January 2014 has brought along more good news for all fans of "Firefly - Serenity": Joss Whedon and Tim Minear's 2002 tv show featuring Mal Reynolds and his crew of outlaws once again has made it to Dark Horses's sci-fi section. There they have found a home since 2005 starring in a number of series. As great fans of the original, we found it absolutely necessary to read this first issue of Serenity - Leaves on the Wind. After all the tv show had been cancelled far too early, after only 14 episodes. A real shame, considering its great story and character development.
Well, now's the chance to keep up with Joss Whedon's highly underrated space western following the finale of the 2005 movie "Serenity". If you watched the series or at least the film you will probably make the most out of this new issue, even as a novice to the comic books.
To begin with, Zack Whedon's script is once more very well written.
Just like in the Buffy comic books, dialogues fit the characters we all know from Firefly, and the story is not built too complex. You will get a good idea of all the involved parties and their different interests, and backgrounds.
But since the story has developed a little further, we also meet Mal Reynolds and his friends and enemies in a somewhat new constellation.
There is, of course, the unavoidable clichée you will find in almost every piece US-fiction. Obviously today's writers are simply not permitted to go without it: The crazy, fat government guy who labels all people "terrorists", if they don't comply with the system. Well, let's not dwell on that for too long. We'll just acknowledge that Captain Reynolds and his crew aren't simple outlaws anymore - they have now been upgraded to terrorists, fighting the "Alliance". We will just keep calling them "rebels", for the sake of the old Star Wars days.
In this first issue, few things actually happen. The artists mainly prepare the ground for new adventures and lay out a scheme to reunite the scattered group.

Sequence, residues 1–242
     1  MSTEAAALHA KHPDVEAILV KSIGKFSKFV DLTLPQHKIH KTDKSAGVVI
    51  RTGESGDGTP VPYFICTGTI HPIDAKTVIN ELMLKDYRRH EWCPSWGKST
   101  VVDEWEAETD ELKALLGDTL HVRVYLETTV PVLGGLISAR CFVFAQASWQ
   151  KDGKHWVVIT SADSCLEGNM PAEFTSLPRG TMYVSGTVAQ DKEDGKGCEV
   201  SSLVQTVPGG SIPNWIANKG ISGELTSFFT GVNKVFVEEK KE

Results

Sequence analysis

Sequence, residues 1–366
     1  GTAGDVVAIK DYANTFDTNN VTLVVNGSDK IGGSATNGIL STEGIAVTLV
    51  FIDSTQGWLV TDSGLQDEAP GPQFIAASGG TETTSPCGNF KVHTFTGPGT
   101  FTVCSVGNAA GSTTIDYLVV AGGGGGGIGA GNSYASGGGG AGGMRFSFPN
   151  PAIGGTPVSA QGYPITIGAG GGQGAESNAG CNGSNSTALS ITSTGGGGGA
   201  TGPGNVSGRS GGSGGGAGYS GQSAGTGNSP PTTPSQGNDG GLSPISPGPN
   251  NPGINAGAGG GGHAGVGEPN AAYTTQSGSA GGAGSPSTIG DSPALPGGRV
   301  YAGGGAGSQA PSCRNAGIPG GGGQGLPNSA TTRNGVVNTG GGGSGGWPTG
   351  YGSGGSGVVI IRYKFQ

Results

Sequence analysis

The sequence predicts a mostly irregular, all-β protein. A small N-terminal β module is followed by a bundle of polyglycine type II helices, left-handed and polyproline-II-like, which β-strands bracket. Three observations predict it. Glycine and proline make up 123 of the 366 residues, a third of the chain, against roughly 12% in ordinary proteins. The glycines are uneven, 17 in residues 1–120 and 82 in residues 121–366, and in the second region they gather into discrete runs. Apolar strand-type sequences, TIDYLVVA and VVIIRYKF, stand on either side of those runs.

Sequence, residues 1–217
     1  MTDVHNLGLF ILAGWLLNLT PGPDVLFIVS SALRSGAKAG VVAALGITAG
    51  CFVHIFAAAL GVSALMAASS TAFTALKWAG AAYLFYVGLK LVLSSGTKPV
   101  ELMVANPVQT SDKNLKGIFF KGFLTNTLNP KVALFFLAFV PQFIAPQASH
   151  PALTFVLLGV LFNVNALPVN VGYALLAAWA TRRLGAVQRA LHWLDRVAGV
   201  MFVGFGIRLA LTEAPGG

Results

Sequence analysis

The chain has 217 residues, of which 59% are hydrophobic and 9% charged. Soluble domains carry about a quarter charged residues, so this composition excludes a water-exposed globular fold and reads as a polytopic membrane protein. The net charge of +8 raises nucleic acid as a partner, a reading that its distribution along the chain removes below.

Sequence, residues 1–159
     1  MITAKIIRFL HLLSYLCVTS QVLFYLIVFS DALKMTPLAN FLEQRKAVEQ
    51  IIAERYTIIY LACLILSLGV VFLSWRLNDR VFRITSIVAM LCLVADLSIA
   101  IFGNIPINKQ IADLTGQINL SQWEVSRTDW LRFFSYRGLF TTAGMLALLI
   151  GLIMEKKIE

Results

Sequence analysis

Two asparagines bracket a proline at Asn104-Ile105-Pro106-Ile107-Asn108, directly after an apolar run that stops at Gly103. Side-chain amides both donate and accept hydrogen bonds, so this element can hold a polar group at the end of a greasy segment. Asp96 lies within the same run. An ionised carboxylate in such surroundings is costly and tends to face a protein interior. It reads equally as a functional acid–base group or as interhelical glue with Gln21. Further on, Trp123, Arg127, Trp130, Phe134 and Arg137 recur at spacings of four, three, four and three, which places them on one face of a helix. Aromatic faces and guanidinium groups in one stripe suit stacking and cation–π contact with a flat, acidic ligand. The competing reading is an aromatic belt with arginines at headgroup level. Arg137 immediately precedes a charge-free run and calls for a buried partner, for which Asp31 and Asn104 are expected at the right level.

At the end of SERENTIY, after finding out about Miranda, Mal and his rebellious crew obviously had to pull a Houdini. In this new comic book series, we meet them some 9 months later and soon find out that some constellations have changed. Hoban "Wash" Washburne is of course still dead, but there's a new crew member arriving. Jayne obviously has left the team to live with his mother, which isn't that much of a surprise, considering Jayne's a girls name. And there's some more spoiler excitement - which shall not be revealed here.
While the writer does an excellent job in characterizing, the artwork unfortunately won't live up to this task.
There are definitely a few characters who are hard to recognize and sometimes even harder to distinguish. Mostly the dialogues will come to your aid, but I'd say there's still room for improvement as far as the artwork is concerned. A much better job could be done in providing the characters with the unique visual design the tv series has already established. It's after all not only speech characteristics - it's also a visual appearance that matters. Especially Kaylee and River get mixed up easily - due to their similar hairstyle - and there are other characters like Simon, who could do with much more individuality, art wise.
The book's print quality, ink, and colours come in good style. Their tonality goes along with what we expect from a modern comic book. Professional – but not exceptional. Here, also, the artists could pick up more of the atmosphere Whedon originally created in his crazy space western.
Still, on the whole, Sernity seems a promising new series. Whedon fans definitely will find a way to re-connect to their favourite Firefly characters.